Lifting a Go Kart for Dads with Bad Backs

Kart on a standWhen my daughter and I joined our local competitive karting league, AMKA (, I discovered that a frequent off-track activity in this sport is lifting the kart on and off the stand for service and transport.  I happen to suffer from a herniated lumbar disc where tweaking my back could mean being bed-ridden for 7 days with extreme pain.  Naturally I looked for way to minimize this risk and discovered a simple solution and it has to do with squatting technique.

The issue occurs when lifting the rear end of the kart, not so much the front.  You see, the front of the kart has a piece of the frame that is relatively high off the ground, so there is no need to bend over as much as in the rear.  The rear end lifting points are at ground level. So the strain that is put on the spine is quite high.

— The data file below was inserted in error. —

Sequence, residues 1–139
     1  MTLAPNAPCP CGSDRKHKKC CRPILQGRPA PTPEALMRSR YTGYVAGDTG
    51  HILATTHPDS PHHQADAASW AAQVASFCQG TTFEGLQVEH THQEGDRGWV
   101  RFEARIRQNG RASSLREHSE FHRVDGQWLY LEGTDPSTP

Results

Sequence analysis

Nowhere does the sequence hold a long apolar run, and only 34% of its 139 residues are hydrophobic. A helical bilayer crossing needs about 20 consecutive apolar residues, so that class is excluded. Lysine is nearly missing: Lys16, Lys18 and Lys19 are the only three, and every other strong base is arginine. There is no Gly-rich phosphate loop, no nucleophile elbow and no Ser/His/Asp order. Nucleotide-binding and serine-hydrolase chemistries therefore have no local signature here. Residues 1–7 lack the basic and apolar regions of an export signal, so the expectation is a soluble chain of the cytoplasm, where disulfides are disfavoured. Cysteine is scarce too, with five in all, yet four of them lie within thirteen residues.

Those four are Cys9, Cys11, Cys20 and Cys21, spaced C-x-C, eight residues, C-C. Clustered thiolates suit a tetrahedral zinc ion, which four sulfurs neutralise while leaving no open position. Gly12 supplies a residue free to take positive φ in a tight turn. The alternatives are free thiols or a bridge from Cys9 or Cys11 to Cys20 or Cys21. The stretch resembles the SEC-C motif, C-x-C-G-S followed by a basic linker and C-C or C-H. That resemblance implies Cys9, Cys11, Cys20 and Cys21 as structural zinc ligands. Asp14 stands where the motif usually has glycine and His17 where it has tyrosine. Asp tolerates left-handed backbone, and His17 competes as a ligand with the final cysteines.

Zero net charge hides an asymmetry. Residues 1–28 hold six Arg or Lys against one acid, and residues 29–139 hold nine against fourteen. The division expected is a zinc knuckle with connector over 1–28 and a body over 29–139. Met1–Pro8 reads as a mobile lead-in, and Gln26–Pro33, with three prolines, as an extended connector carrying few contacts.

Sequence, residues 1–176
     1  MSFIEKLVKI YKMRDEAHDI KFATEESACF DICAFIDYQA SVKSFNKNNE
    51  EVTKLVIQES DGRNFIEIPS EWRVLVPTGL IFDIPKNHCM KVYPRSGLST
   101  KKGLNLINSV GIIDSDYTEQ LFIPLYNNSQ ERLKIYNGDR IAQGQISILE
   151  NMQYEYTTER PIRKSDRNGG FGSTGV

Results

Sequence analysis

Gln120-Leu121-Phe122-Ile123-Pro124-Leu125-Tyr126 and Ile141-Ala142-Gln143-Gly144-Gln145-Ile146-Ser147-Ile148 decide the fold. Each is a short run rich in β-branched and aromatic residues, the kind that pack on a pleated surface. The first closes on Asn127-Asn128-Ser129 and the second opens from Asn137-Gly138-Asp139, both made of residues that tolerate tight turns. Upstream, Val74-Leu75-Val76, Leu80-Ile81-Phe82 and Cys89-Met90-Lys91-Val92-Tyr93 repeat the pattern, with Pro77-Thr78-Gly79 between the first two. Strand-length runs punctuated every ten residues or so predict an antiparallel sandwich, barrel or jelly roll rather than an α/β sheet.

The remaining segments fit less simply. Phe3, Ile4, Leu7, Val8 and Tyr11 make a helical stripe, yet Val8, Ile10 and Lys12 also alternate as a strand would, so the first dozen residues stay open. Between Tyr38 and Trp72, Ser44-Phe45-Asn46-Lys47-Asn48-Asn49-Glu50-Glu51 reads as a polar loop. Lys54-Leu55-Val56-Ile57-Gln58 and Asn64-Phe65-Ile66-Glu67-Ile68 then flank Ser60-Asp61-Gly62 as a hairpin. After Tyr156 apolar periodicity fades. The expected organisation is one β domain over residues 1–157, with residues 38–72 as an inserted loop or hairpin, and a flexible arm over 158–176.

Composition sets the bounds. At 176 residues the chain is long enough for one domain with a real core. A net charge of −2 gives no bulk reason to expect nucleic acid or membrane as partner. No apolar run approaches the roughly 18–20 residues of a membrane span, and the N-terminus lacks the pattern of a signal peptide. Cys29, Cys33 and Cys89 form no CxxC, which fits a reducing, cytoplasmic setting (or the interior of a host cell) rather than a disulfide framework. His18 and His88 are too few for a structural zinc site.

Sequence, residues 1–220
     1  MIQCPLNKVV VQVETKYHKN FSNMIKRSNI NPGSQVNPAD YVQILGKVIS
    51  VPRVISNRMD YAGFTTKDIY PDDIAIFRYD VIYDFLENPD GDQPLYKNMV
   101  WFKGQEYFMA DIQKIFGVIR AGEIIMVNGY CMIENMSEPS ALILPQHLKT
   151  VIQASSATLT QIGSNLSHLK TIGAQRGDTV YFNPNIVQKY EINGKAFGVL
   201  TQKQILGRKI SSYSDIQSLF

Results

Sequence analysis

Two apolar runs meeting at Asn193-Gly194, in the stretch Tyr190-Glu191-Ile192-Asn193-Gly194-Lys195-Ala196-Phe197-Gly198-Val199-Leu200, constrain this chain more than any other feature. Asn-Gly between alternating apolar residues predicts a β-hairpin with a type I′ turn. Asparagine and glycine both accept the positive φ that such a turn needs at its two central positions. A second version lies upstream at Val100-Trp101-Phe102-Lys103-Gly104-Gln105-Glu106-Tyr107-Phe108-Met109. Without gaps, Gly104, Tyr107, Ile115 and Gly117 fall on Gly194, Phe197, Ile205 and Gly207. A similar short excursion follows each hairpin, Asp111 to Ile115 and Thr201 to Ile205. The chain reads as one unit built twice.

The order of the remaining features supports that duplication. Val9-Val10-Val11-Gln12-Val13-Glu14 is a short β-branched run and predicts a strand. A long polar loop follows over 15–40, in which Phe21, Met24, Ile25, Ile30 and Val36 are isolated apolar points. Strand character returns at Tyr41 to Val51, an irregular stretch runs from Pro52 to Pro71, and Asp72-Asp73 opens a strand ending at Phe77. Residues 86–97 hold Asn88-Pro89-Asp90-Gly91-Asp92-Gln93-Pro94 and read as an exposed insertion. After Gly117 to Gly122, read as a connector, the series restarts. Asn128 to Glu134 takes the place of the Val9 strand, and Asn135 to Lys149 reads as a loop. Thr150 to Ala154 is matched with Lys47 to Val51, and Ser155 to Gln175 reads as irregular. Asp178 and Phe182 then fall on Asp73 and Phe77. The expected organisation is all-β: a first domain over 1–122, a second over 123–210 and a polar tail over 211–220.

The best way to lift the kart in the rear is to do a wide stance squat. The wide stance allows the pelvis and upper body to stay in the upright position, hence taking the strain off the lumbar section of the spine.

According to “Secret Of The Perfect Squat — Widen Your Stance” article on

When performing a narrow squat, the distance to parallel is greater than in a wide squat. Reaching depth in a narrow squat requires tucking the lumbar under the torso to facilitate hip flexion. The resulting flexion of the spine under a load puts pressure on the L5/S1 area, which could be linked to bulging discs and other spinal complications.

This is not to say that a traditional squat will cause low-back injury, but without consistent development in this squatting pattern, the greater force placed on the spine can take a toll over time. The posterior movement of the hips in a wide stance can contribute to a more neutral back positioning without tucking your lumbar.

So give it a try next time you need to lift your kid’s kart back onto the stand. Your back will thank you for it.